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Chinese firm sees first pork shipment to Tajikstan

Post a commentBy Mark Godfrey , 29-Aug-2017

Shaoshan Sanwang has made in-roads into Tajikistan
Shaoshan Sanwang has made in-roads into Tajikistan

A Chinese meat processor is celebrating the export of 22 tons of chilled pork to the central Asian state of Tajikistan. 

Shaoshan Sanwang Limited lndustry Company has shipped the pork to China’s smaller western neighbour via rail and road, according to the local office of General Administration of Quality Supervision, Inspection & Quarantine (AQSIQ) in the firm’s home base of Shaoshan, in central China.

The shipment is being attributed by AQSIQ to the One Belt One Road, China’s blueprint to increase its exports through more infrastructure. In a statement AQSIQ’s officials in Shaoshan said their bureau has “been like a nanny” for local firms seeking to export. “We vigorously collected information on Tajikistan’s import regulations and needs… then we checked that companies had quality and conditions to the right level.”

Established in 1992, Shaoshan Sanwang lndustry Co has made much in its domestic marketing campaigns of being located in the hometown of Communist Party founder Mao Zedong – his favourite dish of fatty pork has become a national speciality. The firm also breeds and slaughters poultry.

Sanwang has specialised in traditional dried, cured meat snacks for the domestic market but, in recent years, has chased growing demand for packaged, low-temperature and heat-treated pork products. With an annual slaughtering capacity of two million pigs, Sanwang claims to have capacity for 40,000 tons of cured and chilled meat per year.

While the firm’s top sellers in the heat-treated range include cooked spicy sausage in the Hunan style, Sanwang has also been producing “western style” products, including low-temperature packaged pork.

Exports, meanwhile, appear to be a new priority – and a tool to drive domestic sales. While the firm claims to export to Hong Kong, Macao, Malaysia and Russia, its ability to export to advanced consumer markets like Hong Kong is used prominently in Sanwang marketing in the domestic market. Written on packaging of pork sausages for the domestic market is the claim: “We were the first company with exports rights to Hong Kong outside Guangdong province [the region bordering Hong Kong].”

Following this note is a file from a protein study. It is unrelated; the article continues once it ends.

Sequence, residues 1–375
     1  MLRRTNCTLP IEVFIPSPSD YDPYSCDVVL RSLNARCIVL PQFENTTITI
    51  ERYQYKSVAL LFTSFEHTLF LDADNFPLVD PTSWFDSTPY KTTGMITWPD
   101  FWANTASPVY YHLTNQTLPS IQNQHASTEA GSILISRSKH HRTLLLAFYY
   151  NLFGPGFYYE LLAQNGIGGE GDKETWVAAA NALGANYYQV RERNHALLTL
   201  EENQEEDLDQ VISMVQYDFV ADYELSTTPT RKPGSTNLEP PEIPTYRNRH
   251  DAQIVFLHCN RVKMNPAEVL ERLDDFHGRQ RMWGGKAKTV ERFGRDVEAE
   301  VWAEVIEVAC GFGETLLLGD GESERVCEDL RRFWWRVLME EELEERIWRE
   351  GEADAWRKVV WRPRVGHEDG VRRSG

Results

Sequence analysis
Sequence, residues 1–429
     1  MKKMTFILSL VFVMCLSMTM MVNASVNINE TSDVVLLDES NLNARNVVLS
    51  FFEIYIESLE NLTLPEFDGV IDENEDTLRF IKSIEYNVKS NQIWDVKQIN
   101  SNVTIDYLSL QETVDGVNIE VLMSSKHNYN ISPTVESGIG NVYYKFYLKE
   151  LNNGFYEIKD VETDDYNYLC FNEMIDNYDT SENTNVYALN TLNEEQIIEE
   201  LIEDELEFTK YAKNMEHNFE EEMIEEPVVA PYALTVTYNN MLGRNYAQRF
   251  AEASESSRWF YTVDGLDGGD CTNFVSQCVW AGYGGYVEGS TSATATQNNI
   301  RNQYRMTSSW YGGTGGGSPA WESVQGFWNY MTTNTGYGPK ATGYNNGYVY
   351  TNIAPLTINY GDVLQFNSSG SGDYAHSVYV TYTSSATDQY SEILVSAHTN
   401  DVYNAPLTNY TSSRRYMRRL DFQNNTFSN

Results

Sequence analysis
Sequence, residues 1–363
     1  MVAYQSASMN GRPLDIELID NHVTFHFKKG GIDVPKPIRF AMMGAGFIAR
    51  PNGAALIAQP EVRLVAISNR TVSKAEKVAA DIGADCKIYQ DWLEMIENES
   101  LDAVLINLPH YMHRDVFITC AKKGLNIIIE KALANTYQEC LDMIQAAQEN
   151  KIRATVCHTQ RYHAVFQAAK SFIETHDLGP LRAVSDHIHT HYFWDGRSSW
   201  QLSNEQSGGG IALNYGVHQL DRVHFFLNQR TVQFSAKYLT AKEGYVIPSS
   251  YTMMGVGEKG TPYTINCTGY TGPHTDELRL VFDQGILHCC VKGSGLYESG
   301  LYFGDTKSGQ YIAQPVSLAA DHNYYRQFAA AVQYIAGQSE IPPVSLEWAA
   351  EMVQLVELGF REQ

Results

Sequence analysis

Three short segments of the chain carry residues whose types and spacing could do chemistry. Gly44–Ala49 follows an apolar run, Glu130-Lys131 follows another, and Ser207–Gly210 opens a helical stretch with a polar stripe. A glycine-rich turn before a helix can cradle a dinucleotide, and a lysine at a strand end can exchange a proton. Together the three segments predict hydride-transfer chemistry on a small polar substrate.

In late 2015, the company started to export to Hong Kong after securing registration with the Hong Kong (HK) Food and Environmental Hygiene Department – something it touts as proof it has reached a “world-class level in producing chilled pork”.

Clearly well-connected, Sanwang’s chairman/GM Wang Ying Mao recently showed deputy minister for finance Shi Yao Bin around the company’s plants. Sanwang will expand into the restaurant business while also increasing exports, Wang told reporters at the opening of a ‘Red Food & Drink’ restaurant (red in this instance refers to the city’s communist heritage) operated by the firm in Shaoshan. The company’s products are “safe and healthy” he stressed.

For now, Sanwang’s exports are centred on what has traditionally been Russia’s sphere of influence. China is the top source of Tajikistan’s imports – by a long shot. But the country was a member of the Moscow-led Eurasian Economic Community (EAEC) and is seeking to join the Eurasian Economic Union, which replaced that body as an EU-style bloc, with tariff-free movement of goods. However, in recent years, China has emerged as a major source of aid and loans to Tajikistan, giving Beijing leverage.

While China may have scored an important opening into what was Russia’s backyard, clearly there is a limit to exports to central Asian states. With a population of 8.5 million and a GDP per capita (purchasing power parity) of US$2,749 – lower than China’s – Tajikistan is one of the poorest of the former Soviet states. However, China’s huge food processing capacity allows its exporters to be very competitive in the region.

It may be that Tajikistan is also a bridgehead into European markets. Back in Shaoshan, meanwhile, AQSIQ says it has started to provide a “paperless customs service” to exporters, which allows for “much faster” processing of exports.

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